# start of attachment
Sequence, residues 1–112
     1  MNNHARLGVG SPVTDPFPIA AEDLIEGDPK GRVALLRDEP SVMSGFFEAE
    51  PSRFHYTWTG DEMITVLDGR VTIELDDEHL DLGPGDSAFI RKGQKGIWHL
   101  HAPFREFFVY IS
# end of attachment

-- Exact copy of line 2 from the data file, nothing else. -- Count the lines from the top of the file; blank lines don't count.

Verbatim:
     1  MNNHARLGVG SPVTDPFPIA AEDLIEGDPK GRVALLRDEP SVMSGFFEAE